Ruth Langsford has bravely opened up on her sister's tragic death last year and revealed how she personally coped with the grief.
The This Morning presenter, 60, lost her sister Julia Johnson in 2019 after the 62-year-old took her own life in the June.
This month Ruth is the cover star for Prima magazine and has opened up on losing her older sister.
Ruth told the publication: "It still feels like yesterday that I lost my sister. When you lose somebody, it’s just horrible.
"But when someone takes their own life, it leaves you with so many questions that can’t be answered.
"It was tragic and difficult for all of us, but my sister wanted me to live a happy life."
The presenter continued: "I’m lucky that I have a loving husband and a good family, and all I can do is live a happy life in her memory."
On finding her inner strength, Ruth told the publication that you "can't spend your whole life crying".
She said: "You can’t spend your whole life crying. I’ve done a lot of crying over my sister.
"It’s not even a sense of saying, 'Pull yourself together and get back to work,' it’s just that you have to get on with your life and you can’t get on with it if you’re crying all day."
Ruth added: "I’ve learned now that I can have those moments; sometimes, I have a good old cry in the shower and feel better for it.
"I think it’s good to have a loud, snotty cry."
In November of last year, an inquest heard how Julia was found hanged in the garage of her family home in Lingfield, Surrey.
Her body was discovered by her husband Paul, who had been away from home at the time visiting their daughter.
After trying to get in touch with her multiple times while he was away, he became so worried that he decided to come home early and was tragically the one who found her.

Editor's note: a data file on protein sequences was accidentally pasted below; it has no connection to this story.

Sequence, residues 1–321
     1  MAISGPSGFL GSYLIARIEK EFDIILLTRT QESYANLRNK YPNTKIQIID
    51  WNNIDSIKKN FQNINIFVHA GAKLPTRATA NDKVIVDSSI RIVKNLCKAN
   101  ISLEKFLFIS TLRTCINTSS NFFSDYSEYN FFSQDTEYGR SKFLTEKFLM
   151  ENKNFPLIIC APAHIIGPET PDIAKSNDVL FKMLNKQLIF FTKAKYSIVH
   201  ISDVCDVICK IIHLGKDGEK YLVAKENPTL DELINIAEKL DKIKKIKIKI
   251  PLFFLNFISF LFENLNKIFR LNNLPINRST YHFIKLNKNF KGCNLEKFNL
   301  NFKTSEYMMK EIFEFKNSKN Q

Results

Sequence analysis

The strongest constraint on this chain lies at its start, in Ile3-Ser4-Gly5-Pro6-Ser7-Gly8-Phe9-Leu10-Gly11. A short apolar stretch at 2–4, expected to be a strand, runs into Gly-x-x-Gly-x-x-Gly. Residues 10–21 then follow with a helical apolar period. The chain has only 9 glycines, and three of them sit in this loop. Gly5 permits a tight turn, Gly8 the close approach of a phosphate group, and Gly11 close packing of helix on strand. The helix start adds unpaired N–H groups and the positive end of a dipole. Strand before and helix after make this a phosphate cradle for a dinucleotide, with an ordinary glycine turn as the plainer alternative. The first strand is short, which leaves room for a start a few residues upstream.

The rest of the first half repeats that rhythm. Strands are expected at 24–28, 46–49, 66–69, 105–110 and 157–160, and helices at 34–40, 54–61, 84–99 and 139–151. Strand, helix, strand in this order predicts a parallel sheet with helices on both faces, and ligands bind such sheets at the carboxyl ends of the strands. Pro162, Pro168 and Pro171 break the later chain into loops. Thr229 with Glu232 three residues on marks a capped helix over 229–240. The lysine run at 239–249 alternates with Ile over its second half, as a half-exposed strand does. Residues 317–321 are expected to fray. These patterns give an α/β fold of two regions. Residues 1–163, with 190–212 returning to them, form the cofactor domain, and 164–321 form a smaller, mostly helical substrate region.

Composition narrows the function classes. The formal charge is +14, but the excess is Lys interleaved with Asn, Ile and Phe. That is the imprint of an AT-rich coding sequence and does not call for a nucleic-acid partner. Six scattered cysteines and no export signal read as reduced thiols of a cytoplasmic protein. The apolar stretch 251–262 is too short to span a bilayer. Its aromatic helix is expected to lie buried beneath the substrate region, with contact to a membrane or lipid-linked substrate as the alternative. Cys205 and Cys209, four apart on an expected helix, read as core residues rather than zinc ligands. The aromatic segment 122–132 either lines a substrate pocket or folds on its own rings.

The inquest heard how she had been suffering with depression.
Julia was declared dead at 1.37am on June 16, 2019 by South East Coast Ambulance Service paramedics just two minutes after they arrived at the home.
The coroner ruled that Julia's death was suicide after hearing that she had been suffering from depression – but a psychiatrist had been improving greatly.
It's reported that she did not leave a suicide note for her family and friends.
Despite suffering with mental health issues for years, it was decided that Julia was "settled" and her appointments were reduced to every six months.
A post-mortem examination confirmed Julia wasn't under the influence of drugs or alcohol when she died.
Read the full interview with Ruth Langsford in the October issue of Good Housekeeping, on sale the 4th September. It is available in all supermarkets and online at MagsDirect
For emotional support you can call the Samaritans 24-hour helpline on 116 123, email [email protected], visit a Samaritans branch in person or go to the Samaritans website.